A truly extraordinary tale

Museum of ETAlice Hoffman’s latest novel, ‘The Museum of Extraordinary Things’, takes us into the beating heat of New York city at the turn of the century.

Born with webbed fingers, Coralie has been raised to be a human mermaid in her father’s museum for the strange and the unusual. From an early age, she’s been trained to hold her breath, withstand extreme cold and swim for miles in the Hudson River. Now eighteen, she performs in a tank for people who come to view her and a whole host of other living wonders for their amusement. Her father, the cold and detached Professor Sardie, rules every aspect of her life, and ruthlessly exploits his star attraction to help bring in business. As the large amusement parks of Coney Island threaten to tempt away his customers, the Professor’s methods become more and more extreme.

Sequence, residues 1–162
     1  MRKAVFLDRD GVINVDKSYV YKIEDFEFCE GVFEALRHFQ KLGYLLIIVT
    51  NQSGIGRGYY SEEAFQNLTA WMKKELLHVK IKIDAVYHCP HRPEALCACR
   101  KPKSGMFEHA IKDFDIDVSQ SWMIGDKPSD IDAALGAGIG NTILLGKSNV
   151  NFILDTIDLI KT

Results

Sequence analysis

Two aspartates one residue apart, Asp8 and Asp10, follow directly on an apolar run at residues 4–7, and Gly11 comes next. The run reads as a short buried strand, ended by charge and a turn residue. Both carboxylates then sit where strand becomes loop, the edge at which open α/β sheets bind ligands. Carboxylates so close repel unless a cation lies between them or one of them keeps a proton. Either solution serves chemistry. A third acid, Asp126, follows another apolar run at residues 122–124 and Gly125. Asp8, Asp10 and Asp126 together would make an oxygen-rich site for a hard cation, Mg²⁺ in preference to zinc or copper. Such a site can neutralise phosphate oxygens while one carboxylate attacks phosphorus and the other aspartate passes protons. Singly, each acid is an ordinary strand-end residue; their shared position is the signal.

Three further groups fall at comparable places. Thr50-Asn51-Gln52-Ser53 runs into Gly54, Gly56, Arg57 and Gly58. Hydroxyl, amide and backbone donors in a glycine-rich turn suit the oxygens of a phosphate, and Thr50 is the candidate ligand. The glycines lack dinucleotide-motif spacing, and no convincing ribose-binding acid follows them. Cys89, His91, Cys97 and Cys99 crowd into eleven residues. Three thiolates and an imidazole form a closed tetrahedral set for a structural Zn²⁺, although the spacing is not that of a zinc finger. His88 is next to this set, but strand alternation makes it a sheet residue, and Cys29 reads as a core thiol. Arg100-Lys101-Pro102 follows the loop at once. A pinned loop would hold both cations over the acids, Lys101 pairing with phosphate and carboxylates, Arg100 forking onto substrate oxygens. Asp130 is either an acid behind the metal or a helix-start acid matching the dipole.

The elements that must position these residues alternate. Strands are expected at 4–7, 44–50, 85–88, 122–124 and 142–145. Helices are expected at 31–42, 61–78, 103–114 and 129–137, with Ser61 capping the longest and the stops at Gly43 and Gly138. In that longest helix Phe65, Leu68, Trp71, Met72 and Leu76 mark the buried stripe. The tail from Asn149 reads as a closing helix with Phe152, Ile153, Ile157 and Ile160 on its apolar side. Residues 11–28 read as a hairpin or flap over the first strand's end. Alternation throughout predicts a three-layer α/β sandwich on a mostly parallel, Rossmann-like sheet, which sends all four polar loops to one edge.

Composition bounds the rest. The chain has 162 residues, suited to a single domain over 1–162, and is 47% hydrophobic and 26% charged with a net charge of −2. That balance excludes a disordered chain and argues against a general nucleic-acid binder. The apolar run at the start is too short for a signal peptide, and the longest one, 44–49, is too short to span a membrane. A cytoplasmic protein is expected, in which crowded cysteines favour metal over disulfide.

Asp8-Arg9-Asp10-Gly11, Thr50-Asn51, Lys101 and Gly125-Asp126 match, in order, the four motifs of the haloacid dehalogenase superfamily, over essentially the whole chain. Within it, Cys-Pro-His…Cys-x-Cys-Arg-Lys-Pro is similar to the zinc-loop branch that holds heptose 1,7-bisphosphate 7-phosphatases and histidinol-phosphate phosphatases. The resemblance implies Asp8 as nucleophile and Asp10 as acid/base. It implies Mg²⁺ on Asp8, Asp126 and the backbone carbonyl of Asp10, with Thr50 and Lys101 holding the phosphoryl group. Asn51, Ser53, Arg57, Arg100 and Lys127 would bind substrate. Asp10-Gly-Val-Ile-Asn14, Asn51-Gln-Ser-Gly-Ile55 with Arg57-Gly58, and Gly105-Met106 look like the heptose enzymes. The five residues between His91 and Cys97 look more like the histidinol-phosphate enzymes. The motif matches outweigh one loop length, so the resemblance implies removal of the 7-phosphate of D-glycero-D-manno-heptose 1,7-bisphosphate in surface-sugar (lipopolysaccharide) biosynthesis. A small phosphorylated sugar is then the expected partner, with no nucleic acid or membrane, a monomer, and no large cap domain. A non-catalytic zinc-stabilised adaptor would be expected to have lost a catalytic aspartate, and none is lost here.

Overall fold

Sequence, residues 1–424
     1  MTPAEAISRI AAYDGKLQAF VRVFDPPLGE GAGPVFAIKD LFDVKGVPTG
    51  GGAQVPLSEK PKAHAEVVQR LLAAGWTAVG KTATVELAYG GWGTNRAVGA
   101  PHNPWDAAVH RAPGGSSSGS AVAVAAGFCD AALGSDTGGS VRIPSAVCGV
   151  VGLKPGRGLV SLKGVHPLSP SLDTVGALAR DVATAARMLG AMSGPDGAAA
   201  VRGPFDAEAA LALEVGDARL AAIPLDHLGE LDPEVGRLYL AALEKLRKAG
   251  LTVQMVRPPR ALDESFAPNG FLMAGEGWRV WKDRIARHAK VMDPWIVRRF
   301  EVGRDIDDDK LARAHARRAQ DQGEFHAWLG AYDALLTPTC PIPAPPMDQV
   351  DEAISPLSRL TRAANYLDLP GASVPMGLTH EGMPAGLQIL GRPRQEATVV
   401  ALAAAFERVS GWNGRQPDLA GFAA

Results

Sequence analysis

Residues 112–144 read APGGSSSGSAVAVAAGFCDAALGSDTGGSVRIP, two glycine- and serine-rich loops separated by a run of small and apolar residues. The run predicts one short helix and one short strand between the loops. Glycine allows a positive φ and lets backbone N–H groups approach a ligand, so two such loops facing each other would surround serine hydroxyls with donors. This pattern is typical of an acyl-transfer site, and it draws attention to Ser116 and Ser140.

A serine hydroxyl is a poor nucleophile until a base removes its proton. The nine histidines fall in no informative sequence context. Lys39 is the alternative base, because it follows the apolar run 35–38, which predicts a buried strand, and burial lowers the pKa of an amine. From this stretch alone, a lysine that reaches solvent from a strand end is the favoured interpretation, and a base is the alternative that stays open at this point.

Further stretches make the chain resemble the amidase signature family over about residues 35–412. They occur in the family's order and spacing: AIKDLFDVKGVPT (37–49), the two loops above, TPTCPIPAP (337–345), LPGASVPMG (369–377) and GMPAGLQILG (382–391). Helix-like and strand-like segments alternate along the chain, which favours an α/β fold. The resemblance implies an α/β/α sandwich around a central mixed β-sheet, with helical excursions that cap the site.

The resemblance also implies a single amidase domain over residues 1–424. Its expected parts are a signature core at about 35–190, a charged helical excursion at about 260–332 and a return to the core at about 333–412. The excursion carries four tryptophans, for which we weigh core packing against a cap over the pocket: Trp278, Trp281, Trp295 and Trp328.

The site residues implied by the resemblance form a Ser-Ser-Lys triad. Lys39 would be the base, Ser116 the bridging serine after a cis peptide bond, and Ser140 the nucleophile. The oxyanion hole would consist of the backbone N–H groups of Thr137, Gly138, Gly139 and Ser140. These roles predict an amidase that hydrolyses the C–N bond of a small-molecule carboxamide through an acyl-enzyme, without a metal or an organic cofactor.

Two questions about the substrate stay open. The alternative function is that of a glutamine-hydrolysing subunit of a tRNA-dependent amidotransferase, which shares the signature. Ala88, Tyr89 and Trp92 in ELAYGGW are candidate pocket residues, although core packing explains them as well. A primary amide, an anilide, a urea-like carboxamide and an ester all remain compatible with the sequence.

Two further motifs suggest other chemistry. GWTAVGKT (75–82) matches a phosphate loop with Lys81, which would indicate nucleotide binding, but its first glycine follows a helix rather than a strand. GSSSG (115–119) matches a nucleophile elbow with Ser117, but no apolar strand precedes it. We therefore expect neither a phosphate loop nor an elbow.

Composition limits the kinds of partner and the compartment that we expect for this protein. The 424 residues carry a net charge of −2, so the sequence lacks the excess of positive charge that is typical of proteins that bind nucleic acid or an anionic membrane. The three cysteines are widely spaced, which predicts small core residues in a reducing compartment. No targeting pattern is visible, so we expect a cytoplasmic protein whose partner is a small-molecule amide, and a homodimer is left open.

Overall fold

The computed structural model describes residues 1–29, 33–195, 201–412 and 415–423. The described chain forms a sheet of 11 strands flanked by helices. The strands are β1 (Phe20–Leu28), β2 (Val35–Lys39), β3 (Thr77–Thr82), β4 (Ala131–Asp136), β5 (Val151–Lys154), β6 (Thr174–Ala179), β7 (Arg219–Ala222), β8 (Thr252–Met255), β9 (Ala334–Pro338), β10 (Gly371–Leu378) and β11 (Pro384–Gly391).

Eddie, born in Ukraine and driven to New York with his father after vicious pogroms killed his mother, has spent his life railing against the expectations of his Jewish faith. Now a photographer working for the New York newspapers, he sees first-hand some of the city’s most horrendous crimes and events, including the notorious Triangle Fire. But Eddie also has a skill for finding people that are lost, and when he’s approached by a man hoping to find the truth of what happened to his missing daughter, his world and Coralie’s are set to collide.

But while Coralie and Eddie and their romantic story-arc take centre stage, the story that I fell in love with was the story of New York itself. Continue reading